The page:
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Announcing support for backup and restore of Power BI datasets

We are excited to announce the public preview of Backup and Restore for datasets in Power BI Premium and Premium per User (PPU). You can now use SQL Server Management Studio (SSMS), Analysis Services cmdlets for PowerShell, and other tools to perform backup and restore operations in Power BI via XMLA endpoints in much the same way as you would for tabular models in Azure Analysis Services (Azure AS) (see the following screenshot). With this improvement, Power BI Premium closes an important gap to Azure AS. It paves the way for a more seamless migration of Azure AS workloads to Power BI.

Even if you are not migrating Azure AS workloads to Power BI, you might want to evaluate backup and restore of Power BI datasets during the public preview period. After all, it is a good idea to backup Power BI datasets on a regular basis for more reasons than simply being able to restore a dataset within a given timeframe after a loss or corruption. Laws and regulations might require you to maintain backups for several years and store them offline in a tamper-proof vault for record keeping. With Backup and Restore in Power BI Premium, you can meet these requirements. Dataset backups might also help facilitate tenant consolidations and migrations for mergers and acquisitions. Now, you can backup the datasets in the old tenant(s) and then restore them in a new or consolidated Power BI environment.

The Backup and Restore feature takes advantage of the Azure connections infrastructure in Power BI, which up to this point existed primarily to enable customers to register an Azure Data Lake Gen2 (ADLS Gen2) storage account at the tenant or workspace level for dataflow storage. By using the same ADLS Gen2 storage account for dataset backups, Power BI avoids the need for yet another storage account and additional configuration complexity while at the same time leveraging ADLS Gen2 high-availability and disaster-recovery features, which you might appreciate for your online backups. For offline backup purposes, on the other hand, you can download the backup files from your ADLS Gen2 storage account using the file system, Azure Storage Explorer, .NET tools, and PowerShell cmdlets, such as the Get-AzDataLakeGen2ItemContent cmdlet. The following screenshot shows a workspace with three datasets and their corresponding backup files in Azure Storage Explorer.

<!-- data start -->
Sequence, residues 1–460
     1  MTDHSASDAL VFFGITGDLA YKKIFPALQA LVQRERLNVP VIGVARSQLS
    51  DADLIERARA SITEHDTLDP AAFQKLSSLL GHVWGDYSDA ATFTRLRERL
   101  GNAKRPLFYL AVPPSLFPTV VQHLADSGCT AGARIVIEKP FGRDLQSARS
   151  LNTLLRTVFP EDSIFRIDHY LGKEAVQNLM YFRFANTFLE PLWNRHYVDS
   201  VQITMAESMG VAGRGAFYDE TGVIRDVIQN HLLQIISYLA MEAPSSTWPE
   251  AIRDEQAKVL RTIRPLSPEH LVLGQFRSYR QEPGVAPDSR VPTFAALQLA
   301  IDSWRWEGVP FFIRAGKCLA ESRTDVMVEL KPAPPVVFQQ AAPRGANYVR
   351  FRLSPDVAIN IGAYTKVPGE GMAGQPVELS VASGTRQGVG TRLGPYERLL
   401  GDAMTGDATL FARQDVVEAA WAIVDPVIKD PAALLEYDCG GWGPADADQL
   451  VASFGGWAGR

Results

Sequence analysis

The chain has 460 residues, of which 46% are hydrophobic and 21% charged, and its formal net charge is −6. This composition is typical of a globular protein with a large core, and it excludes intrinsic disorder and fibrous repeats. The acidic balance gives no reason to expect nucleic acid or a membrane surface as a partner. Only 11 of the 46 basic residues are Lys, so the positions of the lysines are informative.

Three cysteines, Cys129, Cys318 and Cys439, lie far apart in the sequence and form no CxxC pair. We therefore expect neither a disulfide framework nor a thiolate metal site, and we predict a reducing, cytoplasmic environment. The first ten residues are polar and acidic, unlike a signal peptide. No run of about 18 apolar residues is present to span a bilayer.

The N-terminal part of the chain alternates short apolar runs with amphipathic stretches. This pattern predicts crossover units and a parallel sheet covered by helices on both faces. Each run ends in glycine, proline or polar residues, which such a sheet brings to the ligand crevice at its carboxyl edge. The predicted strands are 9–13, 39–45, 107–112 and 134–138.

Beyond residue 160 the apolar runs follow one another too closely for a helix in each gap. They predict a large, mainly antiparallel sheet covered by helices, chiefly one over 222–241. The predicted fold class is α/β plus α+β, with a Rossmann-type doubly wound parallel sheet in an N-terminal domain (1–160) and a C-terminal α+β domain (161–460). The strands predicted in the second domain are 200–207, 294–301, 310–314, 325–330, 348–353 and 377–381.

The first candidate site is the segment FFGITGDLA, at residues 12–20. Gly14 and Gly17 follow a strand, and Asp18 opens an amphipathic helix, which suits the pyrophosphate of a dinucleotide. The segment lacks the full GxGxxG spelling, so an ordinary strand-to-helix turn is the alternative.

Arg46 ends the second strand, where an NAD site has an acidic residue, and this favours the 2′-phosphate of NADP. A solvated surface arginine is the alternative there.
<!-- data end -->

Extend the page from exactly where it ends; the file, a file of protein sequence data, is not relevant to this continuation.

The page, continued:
For information about how to configure Power BI to use an ADLS Gen2 storage account, see Configuring dataflow storage to use Azure Data Lake Gen 2 in the product documentation. If you have configured your Premium capacities for Multi-Geo support, as described in Configure Multi-Geo support for Power BI Premium, note that the Backup and Restore feature does not support Multi-Geo during public preview. In other words, dataflow data and dataset backups might not be stored in the region of your Power BI Premium capacity because you must provision the storage account in your tenant’s home region. Make sure you double-check your data residency requirements before configuring your workspaces on a Multi-Geo capacity with a storage account.

With an ADLS Gen2 storage account associated with a workspace, workspace admins can perform backup and restore operations. If you also have owner permissions at the storage account, you can explore the underlying backup directory structure by using Azure Storage Explorer, as in the screenshot above. Power BI associates workspaces with their backup directories based on the workspace name. With owner permissions at the storage account, you can download backup files or copy them from their original location to the backup directory of a different workspace and restore them there if you happen to be a workspace administrator in the target workspace as well. Because storage account owners have unrestricted access to the backup files, make sure you guard the storage account permissions carefully. For more information, see Backup and restore datasets with Power BI Premium (preview)  in the product documentation.

And that’s it for a whirlwind tour of this exciting new capability in Power BI. We hope this improvement enables you to meet your organization’s backup and data retention needs with less effort and make migrations of enterprise BI workloads from Azure AS to Power BI more seamless than in the past. It is important to remind you that Backup and Restore requires you to work with XMLA-based tools, such as SSMS. There is no Backup or Restore option in the Power BI user interface yet. Due to the XMLA dependency, Backup and Restore currently requires your datasets to reside on a Premium or PPU capacity.